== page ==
Table 3

Results of generalized estimating equation (GEE) analysis for non-alcoholic fatty liver disease (NAFLD) and gallstones with their risk ratio (RR) and 95% confidence intervals (CI)

 

Age-adjusted

Multivariate-adjusted

 

RR

95% CI

P value

RR

95% CI

P value

All

1.427

1.171-1.738

<0.001

1.238

1.003-1.528

0.047

Male

1.188

0.931-1.515

0.166

1.007

0.769-1.318

0.961

Female

1.807

1.277-2.558

0.001

1.707

1.245-2.341

0.001

The association between NAFLD and gallstones was assessed by multiple GEE analysis with age, BMI, SBP, ALB, GLO, TG and GLU adjustment in all participants.

The association between NAFLD and gallstones was assessed by multiple GEE analysis with age, BMI, SBP, GLO, ALB, GLU, TG and WBC adjustment in male.

The association between NAFLD and gallstones was assessed by multiple GEE analysis with gender, age, ALB, GLO and GLU adjustment in female.

Discussion

In this longitudinal cohort study, our findings have mainly shown that NAFLD is an independent risk factor for gallstone development, especially in females. As the pathogenic mechanisms of gallstone formation have not been fully ascertained, accurate assessment of a high-risk population becomes crucial to decreasing the prevalence of gallstones. Approximately 10% of females with NAFLD developed gallstones during the 6-year follow-up, making this a high-risk population for gallstones.

The relevant findings of this study are as follows. (1) An elevated incidence density of gallstones in the NAFLD group was observed in comparison with the non-NAFLD group. This finding is in accordance with the results of cross-sectional studies in various populations from Italy, Japan, and China [9]-[14],[18]. (2) The time sequence of advancement from NAFLD to the presence of gallstones has been confirmed, providing solid evidence that NAFLD is an independent risk factor for gallstones in females.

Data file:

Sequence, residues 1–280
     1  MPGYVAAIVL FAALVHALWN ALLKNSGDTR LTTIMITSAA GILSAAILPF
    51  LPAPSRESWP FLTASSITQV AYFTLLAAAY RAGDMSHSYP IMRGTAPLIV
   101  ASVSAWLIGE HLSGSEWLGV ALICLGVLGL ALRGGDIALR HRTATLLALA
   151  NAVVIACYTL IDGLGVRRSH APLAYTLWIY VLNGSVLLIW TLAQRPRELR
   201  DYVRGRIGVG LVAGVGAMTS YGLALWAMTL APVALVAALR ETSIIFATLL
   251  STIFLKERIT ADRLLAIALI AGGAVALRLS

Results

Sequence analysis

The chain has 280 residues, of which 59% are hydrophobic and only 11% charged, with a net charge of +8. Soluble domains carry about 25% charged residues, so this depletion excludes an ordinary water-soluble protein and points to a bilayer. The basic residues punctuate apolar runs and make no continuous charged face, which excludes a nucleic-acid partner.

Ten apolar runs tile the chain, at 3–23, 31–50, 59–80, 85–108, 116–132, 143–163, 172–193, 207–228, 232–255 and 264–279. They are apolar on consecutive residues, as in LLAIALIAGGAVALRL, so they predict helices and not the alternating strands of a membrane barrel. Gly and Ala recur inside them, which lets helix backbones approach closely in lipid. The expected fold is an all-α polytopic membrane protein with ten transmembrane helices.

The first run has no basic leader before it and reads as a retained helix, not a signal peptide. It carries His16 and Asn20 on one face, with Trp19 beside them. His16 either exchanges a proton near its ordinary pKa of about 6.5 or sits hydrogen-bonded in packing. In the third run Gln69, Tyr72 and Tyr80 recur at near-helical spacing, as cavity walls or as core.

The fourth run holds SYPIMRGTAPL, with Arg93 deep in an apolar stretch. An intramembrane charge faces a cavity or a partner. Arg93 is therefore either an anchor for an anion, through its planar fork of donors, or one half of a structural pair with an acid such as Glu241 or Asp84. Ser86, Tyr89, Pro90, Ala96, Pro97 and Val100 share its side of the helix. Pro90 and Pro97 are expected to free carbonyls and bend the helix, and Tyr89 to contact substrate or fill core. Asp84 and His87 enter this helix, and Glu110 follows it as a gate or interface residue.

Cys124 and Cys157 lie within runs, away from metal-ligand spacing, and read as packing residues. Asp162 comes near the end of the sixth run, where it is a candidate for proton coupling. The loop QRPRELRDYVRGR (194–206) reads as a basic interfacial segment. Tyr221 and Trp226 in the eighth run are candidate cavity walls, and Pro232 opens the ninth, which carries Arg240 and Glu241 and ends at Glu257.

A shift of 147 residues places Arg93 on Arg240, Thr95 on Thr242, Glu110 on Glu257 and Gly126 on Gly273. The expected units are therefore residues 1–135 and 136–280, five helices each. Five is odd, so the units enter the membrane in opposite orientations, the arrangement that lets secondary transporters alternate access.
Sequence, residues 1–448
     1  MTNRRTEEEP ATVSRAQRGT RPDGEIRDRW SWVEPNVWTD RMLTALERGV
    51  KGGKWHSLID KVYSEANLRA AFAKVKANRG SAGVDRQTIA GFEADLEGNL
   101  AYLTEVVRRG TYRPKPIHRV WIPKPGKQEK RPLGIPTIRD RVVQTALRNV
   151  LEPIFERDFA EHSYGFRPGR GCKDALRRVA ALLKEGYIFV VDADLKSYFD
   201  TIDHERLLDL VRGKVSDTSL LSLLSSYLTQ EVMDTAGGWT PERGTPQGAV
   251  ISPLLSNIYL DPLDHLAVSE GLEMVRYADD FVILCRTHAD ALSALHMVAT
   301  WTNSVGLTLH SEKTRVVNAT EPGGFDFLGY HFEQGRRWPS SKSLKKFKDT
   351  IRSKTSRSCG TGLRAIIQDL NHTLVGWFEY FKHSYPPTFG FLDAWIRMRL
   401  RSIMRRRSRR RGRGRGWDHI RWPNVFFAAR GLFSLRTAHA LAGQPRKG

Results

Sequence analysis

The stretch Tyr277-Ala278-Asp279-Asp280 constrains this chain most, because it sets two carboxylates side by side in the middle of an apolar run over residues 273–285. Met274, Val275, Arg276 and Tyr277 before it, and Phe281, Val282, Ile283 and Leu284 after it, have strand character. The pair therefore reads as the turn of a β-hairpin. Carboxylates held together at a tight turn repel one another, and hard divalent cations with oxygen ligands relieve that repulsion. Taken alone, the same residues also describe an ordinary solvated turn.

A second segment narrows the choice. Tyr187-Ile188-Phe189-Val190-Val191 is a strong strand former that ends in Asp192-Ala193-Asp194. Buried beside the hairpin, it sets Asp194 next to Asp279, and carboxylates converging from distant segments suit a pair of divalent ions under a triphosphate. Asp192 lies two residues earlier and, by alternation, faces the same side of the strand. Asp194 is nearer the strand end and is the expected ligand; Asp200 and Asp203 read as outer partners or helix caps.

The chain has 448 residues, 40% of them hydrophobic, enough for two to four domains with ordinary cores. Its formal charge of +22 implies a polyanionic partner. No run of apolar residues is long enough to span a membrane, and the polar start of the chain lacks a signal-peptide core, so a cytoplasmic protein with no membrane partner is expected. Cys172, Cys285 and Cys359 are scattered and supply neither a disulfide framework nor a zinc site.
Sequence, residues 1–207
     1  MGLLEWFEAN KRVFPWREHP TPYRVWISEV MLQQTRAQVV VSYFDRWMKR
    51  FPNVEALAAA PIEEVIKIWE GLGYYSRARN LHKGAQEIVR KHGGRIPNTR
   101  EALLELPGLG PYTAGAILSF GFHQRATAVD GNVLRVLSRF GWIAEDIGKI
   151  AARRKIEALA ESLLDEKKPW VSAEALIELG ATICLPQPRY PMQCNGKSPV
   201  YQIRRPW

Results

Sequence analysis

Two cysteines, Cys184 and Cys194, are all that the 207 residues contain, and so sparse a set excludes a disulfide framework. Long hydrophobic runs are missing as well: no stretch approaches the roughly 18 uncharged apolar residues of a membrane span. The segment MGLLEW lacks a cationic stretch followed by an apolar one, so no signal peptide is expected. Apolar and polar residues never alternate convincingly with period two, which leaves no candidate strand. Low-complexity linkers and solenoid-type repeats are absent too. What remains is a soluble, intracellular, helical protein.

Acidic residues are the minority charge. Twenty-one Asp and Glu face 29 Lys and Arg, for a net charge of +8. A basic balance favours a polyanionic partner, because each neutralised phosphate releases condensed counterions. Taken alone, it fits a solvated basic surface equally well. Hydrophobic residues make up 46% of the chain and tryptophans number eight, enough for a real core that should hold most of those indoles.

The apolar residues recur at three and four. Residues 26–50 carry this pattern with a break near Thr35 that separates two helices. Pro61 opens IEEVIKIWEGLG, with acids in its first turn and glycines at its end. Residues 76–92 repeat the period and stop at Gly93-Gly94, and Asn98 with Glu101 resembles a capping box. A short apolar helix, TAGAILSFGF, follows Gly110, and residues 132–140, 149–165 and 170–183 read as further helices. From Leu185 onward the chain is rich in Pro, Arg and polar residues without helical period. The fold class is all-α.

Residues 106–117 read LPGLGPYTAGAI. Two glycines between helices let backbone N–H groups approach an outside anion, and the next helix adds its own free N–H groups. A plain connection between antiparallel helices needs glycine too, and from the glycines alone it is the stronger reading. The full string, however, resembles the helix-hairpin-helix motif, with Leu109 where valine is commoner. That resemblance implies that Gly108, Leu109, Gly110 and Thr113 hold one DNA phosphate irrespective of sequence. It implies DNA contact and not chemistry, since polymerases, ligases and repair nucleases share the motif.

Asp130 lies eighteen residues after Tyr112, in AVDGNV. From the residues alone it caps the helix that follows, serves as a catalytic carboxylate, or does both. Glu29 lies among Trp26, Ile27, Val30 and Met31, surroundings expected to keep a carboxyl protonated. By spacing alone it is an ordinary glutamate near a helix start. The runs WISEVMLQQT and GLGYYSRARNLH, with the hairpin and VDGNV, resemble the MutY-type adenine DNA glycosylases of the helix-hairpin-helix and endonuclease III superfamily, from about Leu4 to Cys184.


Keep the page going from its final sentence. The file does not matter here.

Specifically, females with NAFLD are about two times as likely as females without NAFLD to have gallstones, after adjustments for potential confounding factors (see Table 3), but such a trend is not observed in males. Various studies have shown that gallstones are a female-predominant disease [19], whereas NAFLD is predominant in males [20]. However, whether males or females are more susceptible to gallstones in a NAFLD population remains unknown. Although a cross-sectional study showed that the association between NAFLD and gallstones was stronger in males than in females [18], the time sequence between NAFLD and gallstones was not ascertained, owing to the disadvantageous study design. Moreover, this discrepancy might also be due to differences in ethnicity. Our present longitudinal cohort study confirms that NAFLD is associated with gallstones in females rather than males (see Table 3), implying a continuing such trend in the future. Therefore, more attention should be paid to the female population with NAFLD in compiling clinical guidelines. Based on various studies [6],[21]-[27], the authors propose two hypotheses to explain the gender difference regarding the association between NAFLD and gallstones. (1) Males tend to develop an antioxidant reaction through overload of uric acid while females react more easily through glucose metabolism, which is associated with biliary cholesterol secretion and subsequent promotion of cholesterol gallstone formation. (2) Estrogen aggravates lipoapoptosis in females with NAFLD, which results in supersaturated cholesterol of bile, further promoting the formation of crystalline precipitate and ultimately leading to gallstone formation. However, these hypotheses need further research on their molecular mechanisms before they can be verified.